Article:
Males have a higher average number of reconvictions per offender than females. The average number of reconvictions per offender in 2014-15 was 0.51 for males which is which is 15.9% higher than that the value of 0.44 for females.
Offenders aged over 40 have the lowest average number of reconvictions compared to other age groups. The average number of reconvictions per offender in 2014-15 for the over 40 age group is 0.35, compared to 0.64, 0.50, 0.52 and 0.56 for offenders in the under 21, 21 to 25, 26 to 30, and 31 to 40 age groups, respectively.
The data is available at the bottom of the page
The definition of this national indicator changed slightly from the 2011-12 cohort onwards, to improve the clarity of the measure. Before the 2011-12 cohort, this indicator was reported as “reconviction frequency rates”, which was calculated as the average number of reconvictions per 100 offenders. The figures for all cohorts are now stated as the “average number of reconvictions per offender”. As the new definition is essentially the same as the previous definition, the change does not affect the relative magnitude of the figures when comparing between cohorts, or the relative magnitude of the threshold for change.
The threshold for determining the direction of change accounts for the fact that the most recent figure tends to be an underestimate due to delays in recording the outcome of particularly complex cases. A published figure for the most recent cohort is typically 0.02 reconvictions lower than its final revised figure. To reflect this, the thresholds for change compared to the previous year’s figure are: a decrease of 0.03 or more for “Performance Improving”, a decrease of 0.01 or less (or an increase) for “Performance Worsening”, whereas a decrease of 0.02 is given a “Performance Maintaining” rating.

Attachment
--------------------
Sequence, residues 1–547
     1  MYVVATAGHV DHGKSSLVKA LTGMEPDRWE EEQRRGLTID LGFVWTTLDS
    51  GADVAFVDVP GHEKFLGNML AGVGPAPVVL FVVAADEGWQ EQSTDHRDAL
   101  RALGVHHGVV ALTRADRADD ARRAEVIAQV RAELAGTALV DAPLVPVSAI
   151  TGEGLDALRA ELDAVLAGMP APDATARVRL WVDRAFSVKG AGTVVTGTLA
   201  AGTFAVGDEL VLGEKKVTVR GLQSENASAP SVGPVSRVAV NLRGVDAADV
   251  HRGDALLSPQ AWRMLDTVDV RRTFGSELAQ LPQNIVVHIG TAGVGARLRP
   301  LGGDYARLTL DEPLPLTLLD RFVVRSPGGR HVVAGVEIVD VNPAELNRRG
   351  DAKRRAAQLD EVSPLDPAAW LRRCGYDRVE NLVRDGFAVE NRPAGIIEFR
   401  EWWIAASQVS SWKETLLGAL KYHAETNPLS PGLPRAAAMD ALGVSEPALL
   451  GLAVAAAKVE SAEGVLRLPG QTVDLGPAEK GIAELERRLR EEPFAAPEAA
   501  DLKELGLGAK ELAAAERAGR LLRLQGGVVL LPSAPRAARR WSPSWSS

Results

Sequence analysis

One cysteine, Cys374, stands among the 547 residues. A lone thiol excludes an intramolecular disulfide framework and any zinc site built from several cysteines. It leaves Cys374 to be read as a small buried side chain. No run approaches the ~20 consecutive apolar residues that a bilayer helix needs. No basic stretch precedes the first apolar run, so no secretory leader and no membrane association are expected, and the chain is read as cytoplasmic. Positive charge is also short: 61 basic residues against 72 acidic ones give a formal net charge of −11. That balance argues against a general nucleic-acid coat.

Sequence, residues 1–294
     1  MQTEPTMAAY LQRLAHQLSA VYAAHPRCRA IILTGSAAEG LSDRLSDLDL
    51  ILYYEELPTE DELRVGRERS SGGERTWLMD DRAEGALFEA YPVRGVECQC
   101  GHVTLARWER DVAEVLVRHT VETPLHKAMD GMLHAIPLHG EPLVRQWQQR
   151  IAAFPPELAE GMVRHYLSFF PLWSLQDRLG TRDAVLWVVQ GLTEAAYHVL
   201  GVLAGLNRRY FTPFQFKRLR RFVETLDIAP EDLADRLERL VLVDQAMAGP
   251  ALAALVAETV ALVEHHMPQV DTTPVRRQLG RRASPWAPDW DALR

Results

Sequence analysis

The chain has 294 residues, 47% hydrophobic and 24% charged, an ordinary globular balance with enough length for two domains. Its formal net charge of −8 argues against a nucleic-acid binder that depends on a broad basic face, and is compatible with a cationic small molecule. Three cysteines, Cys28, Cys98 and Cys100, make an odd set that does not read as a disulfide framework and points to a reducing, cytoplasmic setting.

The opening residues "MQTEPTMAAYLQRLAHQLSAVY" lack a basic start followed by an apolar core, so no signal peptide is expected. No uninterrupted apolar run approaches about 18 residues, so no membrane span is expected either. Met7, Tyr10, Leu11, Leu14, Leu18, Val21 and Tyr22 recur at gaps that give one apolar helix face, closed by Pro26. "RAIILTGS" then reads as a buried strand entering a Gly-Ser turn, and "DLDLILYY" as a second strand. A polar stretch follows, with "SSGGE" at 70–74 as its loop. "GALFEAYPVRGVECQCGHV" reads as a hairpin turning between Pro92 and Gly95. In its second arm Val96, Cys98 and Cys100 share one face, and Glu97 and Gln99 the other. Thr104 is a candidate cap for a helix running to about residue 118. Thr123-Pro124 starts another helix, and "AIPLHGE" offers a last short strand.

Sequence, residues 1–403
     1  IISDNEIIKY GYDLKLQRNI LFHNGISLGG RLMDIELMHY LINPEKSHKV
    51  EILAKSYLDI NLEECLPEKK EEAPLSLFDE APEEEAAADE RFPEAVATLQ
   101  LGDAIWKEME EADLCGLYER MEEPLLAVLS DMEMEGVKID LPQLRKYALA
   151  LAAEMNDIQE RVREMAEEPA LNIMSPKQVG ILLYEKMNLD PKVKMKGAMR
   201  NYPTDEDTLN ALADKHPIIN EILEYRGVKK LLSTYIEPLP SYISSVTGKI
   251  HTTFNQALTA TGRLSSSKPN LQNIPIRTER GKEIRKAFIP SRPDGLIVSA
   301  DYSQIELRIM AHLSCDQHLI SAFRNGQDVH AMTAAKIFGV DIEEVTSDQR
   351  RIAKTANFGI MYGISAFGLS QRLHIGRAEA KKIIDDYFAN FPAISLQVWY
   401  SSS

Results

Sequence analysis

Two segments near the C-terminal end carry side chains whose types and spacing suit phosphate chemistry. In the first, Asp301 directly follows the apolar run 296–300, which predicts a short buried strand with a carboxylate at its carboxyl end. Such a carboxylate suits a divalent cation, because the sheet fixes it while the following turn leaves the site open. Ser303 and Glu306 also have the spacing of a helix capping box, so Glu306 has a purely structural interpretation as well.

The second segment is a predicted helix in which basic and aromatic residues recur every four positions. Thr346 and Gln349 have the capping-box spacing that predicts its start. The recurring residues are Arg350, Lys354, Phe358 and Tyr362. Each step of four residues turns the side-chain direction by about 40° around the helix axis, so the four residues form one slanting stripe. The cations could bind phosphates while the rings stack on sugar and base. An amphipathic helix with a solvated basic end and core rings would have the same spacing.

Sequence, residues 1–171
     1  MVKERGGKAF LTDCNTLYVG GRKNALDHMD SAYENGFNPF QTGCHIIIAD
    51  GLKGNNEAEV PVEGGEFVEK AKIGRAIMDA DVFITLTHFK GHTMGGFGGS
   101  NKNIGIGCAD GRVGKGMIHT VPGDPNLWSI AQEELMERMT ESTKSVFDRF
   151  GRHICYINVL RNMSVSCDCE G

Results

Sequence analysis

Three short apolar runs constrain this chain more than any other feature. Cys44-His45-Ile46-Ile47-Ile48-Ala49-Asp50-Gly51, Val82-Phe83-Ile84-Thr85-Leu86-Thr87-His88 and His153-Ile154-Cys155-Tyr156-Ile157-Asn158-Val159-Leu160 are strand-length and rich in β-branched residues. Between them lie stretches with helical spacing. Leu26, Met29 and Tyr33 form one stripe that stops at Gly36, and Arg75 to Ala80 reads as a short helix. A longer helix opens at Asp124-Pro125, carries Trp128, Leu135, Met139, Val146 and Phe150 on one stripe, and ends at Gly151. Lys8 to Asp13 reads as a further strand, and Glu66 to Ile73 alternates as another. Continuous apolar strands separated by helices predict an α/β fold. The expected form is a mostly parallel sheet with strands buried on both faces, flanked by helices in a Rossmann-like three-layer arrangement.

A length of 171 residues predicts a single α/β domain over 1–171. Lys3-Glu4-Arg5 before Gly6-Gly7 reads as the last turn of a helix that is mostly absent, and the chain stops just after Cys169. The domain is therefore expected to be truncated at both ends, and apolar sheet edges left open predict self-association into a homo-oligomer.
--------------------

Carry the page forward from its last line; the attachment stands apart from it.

For information on general methodological approach, please click here.
For information on general methodological approach, please click here.
Scotland Performs Technical Note
Association of Directors of Social Work
Community Justice Authorities
Crown Office and Procurator Fiscal Service
Parole Board for Scotland
Risk Management Authority
Scottish Court Service
Scottish Police Forces
Scottish Prison Service
Third Sector Partners
Wealthier and Fairer
Safer and Stronger